“Even if I am being conservative, I don’t see how Obama can lose,” says Lichtman, the brains behind The Keys to the White House. […] Lichtman developed his 13 Keys in 1981. They test the performance of the party that holds the presidency. If six or more of the 13 keys go against the party in power, then the opposing party wins.“The keys have figured into popular politics a bit,” Lichtman says. “They’ve never missed. They’ve been right seven elections in a row. A number that goes way beyond statistical significance in a record no other system even comes close to.”

Let’s see if Lichtman and I have it right. I’ve been saying that Obama will win for quite a while now.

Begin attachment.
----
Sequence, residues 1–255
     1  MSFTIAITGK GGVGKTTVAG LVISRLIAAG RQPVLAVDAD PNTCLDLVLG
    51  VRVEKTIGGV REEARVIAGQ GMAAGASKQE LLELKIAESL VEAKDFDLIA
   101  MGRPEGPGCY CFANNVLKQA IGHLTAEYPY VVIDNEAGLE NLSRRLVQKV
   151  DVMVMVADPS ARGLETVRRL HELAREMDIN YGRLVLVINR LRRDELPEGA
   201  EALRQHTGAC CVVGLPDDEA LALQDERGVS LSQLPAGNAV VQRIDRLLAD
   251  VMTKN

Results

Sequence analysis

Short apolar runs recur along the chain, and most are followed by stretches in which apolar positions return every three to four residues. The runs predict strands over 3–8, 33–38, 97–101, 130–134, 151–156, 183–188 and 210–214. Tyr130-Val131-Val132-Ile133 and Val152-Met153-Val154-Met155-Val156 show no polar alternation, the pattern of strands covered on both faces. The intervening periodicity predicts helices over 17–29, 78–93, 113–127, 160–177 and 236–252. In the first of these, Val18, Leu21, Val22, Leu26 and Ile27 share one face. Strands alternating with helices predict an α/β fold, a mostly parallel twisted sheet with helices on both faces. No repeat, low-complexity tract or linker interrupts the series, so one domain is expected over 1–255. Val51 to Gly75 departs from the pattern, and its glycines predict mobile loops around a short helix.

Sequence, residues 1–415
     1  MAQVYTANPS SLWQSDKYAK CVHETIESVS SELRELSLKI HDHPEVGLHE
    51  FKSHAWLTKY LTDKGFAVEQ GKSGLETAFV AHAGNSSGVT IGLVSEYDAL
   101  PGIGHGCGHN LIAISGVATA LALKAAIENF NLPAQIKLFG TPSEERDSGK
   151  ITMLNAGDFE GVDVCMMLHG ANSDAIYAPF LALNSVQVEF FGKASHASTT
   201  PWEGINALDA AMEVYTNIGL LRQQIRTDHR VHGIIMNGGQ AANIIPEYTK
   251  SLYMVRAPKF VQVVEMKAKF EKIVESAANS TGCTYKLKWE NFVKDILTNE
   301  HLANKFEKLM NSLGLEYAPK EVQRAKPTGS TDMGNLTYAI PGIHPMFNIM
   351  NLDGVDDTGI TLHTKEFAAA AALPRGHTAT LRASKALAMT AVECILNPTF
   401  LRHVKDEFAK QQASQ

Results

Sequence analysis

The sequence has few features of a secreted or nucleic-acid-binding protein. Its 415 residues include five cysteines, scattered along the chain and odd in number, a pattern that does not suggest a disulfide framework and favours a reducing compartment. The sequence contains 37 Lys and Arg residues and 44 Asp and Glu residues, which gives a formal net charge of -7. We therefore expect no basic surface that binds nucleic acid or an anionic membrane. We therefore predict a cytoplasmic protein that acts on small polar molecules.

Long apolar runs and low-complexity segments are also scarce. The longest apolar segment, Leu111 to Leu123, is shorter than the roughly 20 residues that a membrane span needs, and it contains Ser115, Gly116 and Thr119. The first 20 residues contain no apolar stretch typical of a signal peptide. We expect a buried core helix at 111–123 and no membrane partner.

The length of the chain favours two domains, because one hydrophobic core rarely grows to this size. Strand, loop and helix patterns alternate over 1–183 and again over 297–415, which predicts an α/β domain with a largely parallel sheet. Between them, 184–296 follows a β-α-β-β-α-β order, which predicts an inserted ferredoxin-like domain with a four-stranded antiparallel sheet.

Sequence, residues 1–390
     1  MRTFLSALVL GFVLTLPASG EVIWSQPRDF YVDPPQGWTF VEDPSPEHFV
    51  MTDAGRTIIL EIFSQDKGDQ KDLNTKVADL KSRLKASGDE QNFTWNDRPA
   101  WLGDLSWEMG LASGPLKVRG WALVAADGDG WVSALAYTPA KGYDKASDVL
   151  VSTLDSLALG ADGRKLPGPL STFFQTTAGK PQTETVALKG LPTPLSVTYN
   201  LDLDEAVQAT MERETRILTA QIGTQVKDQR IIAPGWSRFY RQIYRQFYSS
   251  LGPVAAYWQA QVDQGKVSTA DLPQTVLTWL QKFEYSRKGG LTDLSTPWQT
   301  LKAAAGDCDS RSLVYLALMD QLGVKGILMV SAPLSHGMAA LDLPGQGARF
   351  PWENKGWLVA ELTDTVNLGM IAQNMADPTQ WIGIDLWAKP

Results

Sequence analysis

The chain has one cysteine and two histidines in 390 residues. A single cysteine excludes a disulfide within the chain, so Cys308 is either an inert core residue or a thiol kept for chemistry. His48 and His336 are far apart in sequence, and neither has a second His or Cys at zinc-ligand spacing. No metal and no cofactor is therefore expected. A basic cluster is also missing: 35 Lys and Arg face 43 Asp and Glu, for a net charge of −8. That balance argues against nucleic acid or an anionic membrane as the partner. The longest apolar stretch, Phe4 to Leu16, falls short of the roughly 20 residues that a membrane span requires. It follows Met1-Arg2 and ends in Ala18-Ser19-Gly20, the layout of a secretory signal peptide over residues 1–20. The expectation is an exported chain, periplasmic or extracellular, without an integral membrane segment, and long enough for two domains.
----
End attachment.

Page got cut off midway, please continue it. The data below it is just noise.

My Political Insight: Why Are the GOP Candidates So Weak?

Even in Iowa, of all places, where the Republican candidates have had a very strong campaigning presence recently, they are all trailing President Obama in approval ratings. Mind you, Obama’s ratings are quite low. The problem for the Republicans is that theirs are even lower:

Iowa: President Obama vs. Republicans

Obama 49%, Mitt Romney 39% (+10%)
Obama 51%, Rick Perry 38% (+13%)
Obama 51%, Michele Bachmann 34% (+17%)
Obama 51%, Herman Cain 33% (+18%)
Obama 54%, Sarah Palin 33% (+21%)

As I said before, Obama is set to win the upcoming elections. He isn’t going to win because citizens love him and approve of the job he’s been doing. To the contrary, the disappointment with his actions has been growing among his base, while the anti-Obama propaganda has been virulent and unflagging among his detractors. The reason why he will win is that the GOP hasn’t been able to come up with a viable candidate.